In August 2021, the IPCC (Intergovernmental Panel on Climate Change) published the first report of the 6th season of reports on global climate change. This report forms the scientific basis in the field of physics for the subsequent reports.
The IPCC works within the framework of the United Nations to provide governments and decisionmakers with frequent assessments that illustrate the effects and future risks of, and options to adapt to future climate change.
234 authors from 34 countries contributed to the report. It refers to 14,000 scientific publications and 78,000 reviews/comments. 46 countries were able to comment on the finished version.
Climate change is manmade
One of the core statements of the report is the scientific fact that anthropogenic influence has warmed up the atmosphere, land, and oceans since 1750. This results in extensive changes in the atmosphere (the earth’s protective shell), the cryosphere (ice and snow), and the biosphere (all living beings). Also, each of the previous four decades was warmer than any other decade before that, from 1850 to today. The global rise in the average temperature since 1850-1900 and 2011-2019 has been about 1.1 degrees celsius (from here abbreviated with degree). Global warming amounted to +1 to +2 degrees celsius due to known greenhouse gases, whereas other human influences such as aerosols caused average temperatures to cool between 0 and 0.8 degrees. Natural (i.e. not human) causes were responsible for changes in the range between -0.1 and +0.1 degrees. The internal variability of the system also causes fluctuations between -0.2 and +0.2 degrees. Scientists have established with a high degree of certainty that greenhouse gases are responsible for the warming troposphere since 1979 and that the decrease in ozone in the stratosphere between 1979 and the mid-1990s caused the stratosphere to cool.
The simulation of the development of temperatures below juxtaposes natural causes (sun, volcanos) with human causes:
Heat waves and droughts are becoming more frequent and more intense
Heat waves, precipitation, and the resulting soil moisture have been established by the report as relevant physical risks. In all analysed scenarios (+1 or +1.5, +2, and +4 degrees), the land surface is affected more significantly by heat on a global scale than oceans, and the Arctic and Antarctica warm up faster than tropical regions. In higher altitudes as well as in the equatorial Pacific region and in monsoon regions, the amount of expected precipitation increases as well. However, in the subtropics and some tropics regions, precipitation will decrease. The degree of soil moisture follows the same pattern. We can also expect drastic changes with regard to the frequency of extreme weather events. Heatwaves, which in a world without human influence occur once every 50 years, were measured only once in 1850-1900. In the +1-degree scenario (which we are in at the moment), they have come up almost 5 times as often and at a 1.2 degrees higher intensity as well. In the +2-degree scenario, they occur 14 times as often. And finally, in a 4-degree scenario, these extreme events happen 40 times as often, with an intensity 5 degrees higher than between 1850 and 1900.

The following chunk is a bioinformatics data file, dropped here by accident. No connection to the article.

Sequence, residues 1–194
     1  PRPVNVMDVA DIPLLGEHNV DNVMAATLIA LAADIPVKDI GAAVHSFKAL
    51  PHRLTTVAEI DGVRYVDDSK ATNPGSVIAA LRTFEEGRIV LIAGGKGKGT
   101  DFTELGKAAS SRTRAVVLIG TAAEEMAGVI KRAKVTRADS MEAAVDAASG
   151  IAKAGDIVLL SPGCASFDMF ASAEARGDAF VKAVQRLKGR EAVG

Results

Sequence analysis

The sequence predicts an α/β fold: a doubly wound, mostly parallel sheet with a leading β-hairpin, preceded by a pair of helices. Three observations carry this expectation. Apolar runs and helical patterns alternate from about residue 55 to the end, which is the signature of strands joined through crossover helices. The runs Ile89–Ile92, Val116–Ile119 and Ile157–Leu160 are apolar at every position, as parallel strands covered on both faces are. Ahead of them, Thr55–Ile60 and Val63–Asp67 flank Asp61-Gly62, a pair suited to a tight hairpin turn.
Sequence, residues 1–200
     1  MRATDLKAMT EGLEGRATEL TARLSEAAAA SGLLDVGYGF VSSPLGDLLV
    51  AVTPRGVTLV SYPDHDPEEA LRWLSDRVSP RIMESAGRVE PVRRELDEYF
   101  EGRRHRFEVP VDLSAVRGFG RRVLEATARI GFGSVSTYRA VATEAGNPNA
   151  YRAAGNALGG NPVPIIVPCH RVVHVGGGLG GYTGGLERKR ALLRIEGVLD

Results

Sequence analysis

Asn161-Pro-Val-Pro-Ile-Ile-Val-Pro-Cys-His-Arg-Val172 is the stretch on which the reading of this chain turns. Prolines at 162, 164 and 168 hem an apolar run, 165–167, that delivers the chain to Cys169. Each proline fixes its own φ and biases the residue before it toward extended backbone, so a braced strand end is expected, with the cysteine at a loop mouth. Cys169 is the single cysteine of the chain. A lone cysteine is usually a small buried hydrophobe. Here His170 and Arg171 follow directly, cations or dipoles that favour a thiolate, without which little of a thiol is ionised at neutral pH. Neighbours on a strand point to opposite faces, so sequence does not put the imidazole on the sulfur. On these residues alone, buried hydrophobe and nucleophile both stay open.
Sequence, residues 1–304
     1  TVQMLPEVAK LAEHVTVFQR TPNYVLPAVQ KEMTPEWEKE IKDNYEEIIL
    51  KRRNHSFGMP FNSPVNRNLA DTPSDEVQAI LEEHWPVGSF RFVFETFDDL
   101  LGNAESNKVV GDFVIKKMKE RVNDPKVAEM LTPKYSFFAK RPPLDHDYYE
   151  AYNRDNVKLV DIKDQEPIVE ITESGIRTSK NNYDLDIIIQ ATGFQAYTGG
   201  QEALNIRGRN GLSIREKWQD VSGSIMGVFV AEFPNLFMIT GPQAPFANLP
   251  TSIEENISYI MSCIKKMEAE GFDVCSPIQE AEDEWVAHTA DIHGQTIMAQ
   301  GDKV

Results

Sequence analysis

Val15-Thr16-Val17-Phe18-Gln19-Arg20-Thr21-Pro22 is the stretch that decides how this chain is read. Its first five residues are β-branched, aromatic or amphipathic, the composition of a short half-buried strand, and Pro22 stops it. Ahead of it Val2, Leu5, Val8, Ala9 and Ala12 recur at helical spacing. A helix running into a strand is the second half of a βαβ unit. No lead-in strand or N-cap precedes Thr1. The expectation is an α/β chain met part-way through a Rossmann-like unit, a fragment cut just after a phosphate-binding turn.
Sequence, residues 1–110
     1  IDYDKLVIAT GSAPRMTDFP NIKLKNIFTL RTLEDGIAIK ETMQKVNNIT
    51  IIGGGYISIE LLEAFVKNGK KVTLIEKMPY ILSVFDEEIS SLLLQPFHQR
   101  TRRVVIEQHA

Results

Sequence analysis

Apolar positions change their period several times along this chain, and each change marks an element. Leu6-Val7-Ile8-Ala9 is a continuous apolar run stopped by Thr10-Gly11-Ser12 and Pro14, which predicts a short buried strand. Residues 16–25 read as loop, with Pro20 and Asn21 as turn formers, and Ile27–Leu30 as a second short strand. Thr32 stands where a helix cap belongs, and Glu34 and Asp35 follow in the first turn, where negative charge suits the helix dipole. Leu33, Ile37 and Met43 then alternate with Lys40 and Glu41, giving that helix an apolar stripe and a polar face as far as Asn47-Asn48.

The situation is similar for heat waves and droughts that affect agriculture and ecological systems negatively. Between 1850 and 1900, they were observed only once. Now, they occur almost twice as often, and in a +4-scenario, they would happen four times as often.
Temperature rising in Europe more drastically than on (global) average
According to the results of the report, temperatures will rise above global average in Europe. Extreme-heat events will occur more frequently, and critical thresholds for ecosystems and anthropogenic systems will be crossed. The frequency of cold waves and days below zero will continue to decline. Whereas in the Northern hemisphere an increased amount of precipitation is to be expected for the winter months, in the Mediterranean region the opposite is going to be the case during summer. As a result, more frequent heat waves and droughts, i.e. dry conditions favouring large-scale fires, can be expected for the whole of Europe, but particularly for the Mediterranean regions. Floods will become more frequent in Europe, and the sea level will rise everywhere except in the Baltic region. As a result, coastlines will shift as well. Much like in past years, glaciers and permafrost will recede further, and the periods of snow cover in higher altitudes will become shorter.
Prognoses are no reliable indicator for future performance.